He went on to found a company that specialises in quality Sicilian-style cheese, writes Richard Cornish.
What is it?
That’s Amore Cheese is a small, independent Melbourne cheesemaking factory producing an extensive range of fresh ricotta, stretched-curd cow’s milk cheese, white mould, washed rind, and buffalo milk cheeses. The company is best known for its fresh-tasting, supple and clean-finishing mozzarella and bright, rich and delicious ricotta. That’s Amore Cheese also produces very high-quality burrata, stracciatella and salty cacio, and has since early on in its foundation, nurturing Victoria’s love of these Sicilian-style cheeses.
Who’s producing it?
Giorgio Linguanti arrived in Australia as a 31-year-old man in 2004 with just a few words of English. With only an uncle as an anchor, he searched for work and found a job in an Italian-owned cheese factory in the suburbs. “I was forever curious, asking why the milk smelled different some days,” remembers Linguanti; “Why did the cheese look different from one day to the next? I just had to know.” Linguanti buried himself in books and learned cheesemaking, experimenting at home after night shifts at a recycling yard. In 2008 he rented a small cheesemaking room in a larger factory and started making mozzarella, ricotta, scamorza and burrata.
Where is it?
Today, That’s Amore Cheese has a factory, café, and cheesery in Thomastown and employs 120 people. The milk is sourced from just five farms in West Gippsland and is trucked in daily.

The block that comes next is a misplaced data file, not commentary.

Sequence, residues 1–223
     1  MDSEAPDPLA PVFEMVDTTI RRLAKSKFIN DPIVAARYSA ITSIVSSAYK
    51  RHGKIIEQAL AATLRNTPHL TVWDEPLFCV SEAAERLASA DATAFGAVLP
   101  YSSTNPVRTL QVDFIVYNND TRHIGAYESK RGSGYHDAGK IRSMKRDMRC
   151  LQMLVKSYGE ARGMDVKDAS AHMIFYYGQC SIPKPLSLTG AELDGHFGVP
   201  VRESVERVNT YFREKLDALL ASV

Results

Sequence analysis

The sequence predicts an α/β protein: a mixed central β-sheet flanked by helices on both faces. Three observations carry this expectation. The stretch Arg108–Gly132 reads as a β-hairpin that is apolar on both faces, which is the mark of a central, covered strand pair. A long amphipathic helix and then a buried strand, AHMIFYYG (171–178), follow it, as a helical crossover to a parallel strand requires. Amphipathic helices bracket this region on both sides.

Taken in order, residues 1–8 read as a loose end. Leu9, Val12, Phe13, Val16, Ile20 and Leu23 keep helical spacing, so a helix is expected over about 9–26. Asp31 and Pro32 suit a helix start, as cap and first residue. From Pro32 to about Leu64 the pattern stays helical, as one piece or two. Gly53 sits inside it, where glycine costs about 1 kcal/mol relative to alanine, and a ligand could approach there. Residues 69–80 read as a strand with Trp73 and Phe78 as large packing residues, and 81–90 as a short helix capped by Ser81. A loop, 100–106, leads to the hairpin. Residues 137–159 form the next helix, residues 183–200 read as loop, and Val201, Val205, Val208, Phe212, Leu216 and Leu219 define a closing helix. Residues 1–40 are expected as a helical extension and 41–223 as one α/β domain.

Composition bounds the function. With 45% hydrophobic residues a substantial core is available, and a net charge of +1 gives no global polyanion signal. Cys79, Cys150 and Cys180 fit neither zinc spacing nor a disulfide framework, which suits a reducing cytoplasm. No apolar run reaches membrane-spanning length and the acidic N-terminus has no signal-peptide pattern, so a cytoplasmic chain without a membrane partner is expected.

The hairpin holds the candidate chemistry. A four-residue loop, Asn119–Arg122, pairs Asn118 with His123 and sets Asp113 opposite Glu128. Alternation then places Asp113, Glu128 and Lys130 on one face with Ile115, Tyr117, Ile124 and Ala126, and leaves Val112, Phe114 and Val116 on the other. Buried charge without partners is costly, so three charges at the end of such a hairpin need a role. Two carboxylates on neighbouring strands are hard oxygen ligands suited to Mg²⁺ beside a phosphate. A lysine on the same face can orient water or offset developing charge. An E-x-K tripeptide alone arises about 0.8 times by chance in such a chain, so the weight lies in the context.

Why it’s different
Linguanti understands quality. He knows what a difference fresh milk that is handled well makes. He knows how to hand-stretch cheese and applies this knowledge to his modern factory. To start, the milk is trucked from three Friesian dairies and two Jersey cow dairies each day. The milk is not standardised – an industrial process in which milk is physically taken apart using separators and filters to isolate fat, protein, sugars and whey and then put back together to the cheesemaker’s standards. The process damages the milk, particularly the fat globules, and Linguanti instead uses milk straight from the cow, so his cheeses taste fresh and rancidity is not a problem. He also has a light hand when it comes to pasteurisation; he doesn’t overcook the milk. From there, it is a matter of applying different techniques to make each cheese. Linguanti has an cultural culinary memory of the Italian cheeses, and his cheeses much match those expectations. Fifteen years on, Linguanti and his team are still hand-stretching the curd to make the burrata.
Who’s a fan?
“For well over a decade, I have been using That’s Amore’s cheese,” says Nicky Riemer from Bellota Wine Bar. “The way Giorgio transforms milk into something that is simultaneously light and fresh but also so rich and consistently good is remarkable.” In summer, Riemer grills fresh stone fruit and serves it with shreds of burrata, roasted almonds, jamon and fresh basil, and in spring, she serves warm podded broad beans with fresh burrata where the earthiness of the beans complements the fresh, rich tang of the creamy interior of the cheese. Telina Menzies, executive chef of Australian Venue Co, has been a fan of That’s Amore Cheese since they moved to Melbourne nine years ago. “The cheeses have become part of Melbourne’s culinary fabric,” they say. Menzies has co-developed a soft rind cheese with Linguanti that is served at Yarra Botanica, where it’s baked in sourdough and served as a rich, gooey pull-apart. “It’s a great Victorian product.”
Where can I get it?
That’s Amore Cheese is available in good delis, food stores and independent supermarkets and the factory store at 66 Latitude Boulevard, Thomastown.
By Richard Cornish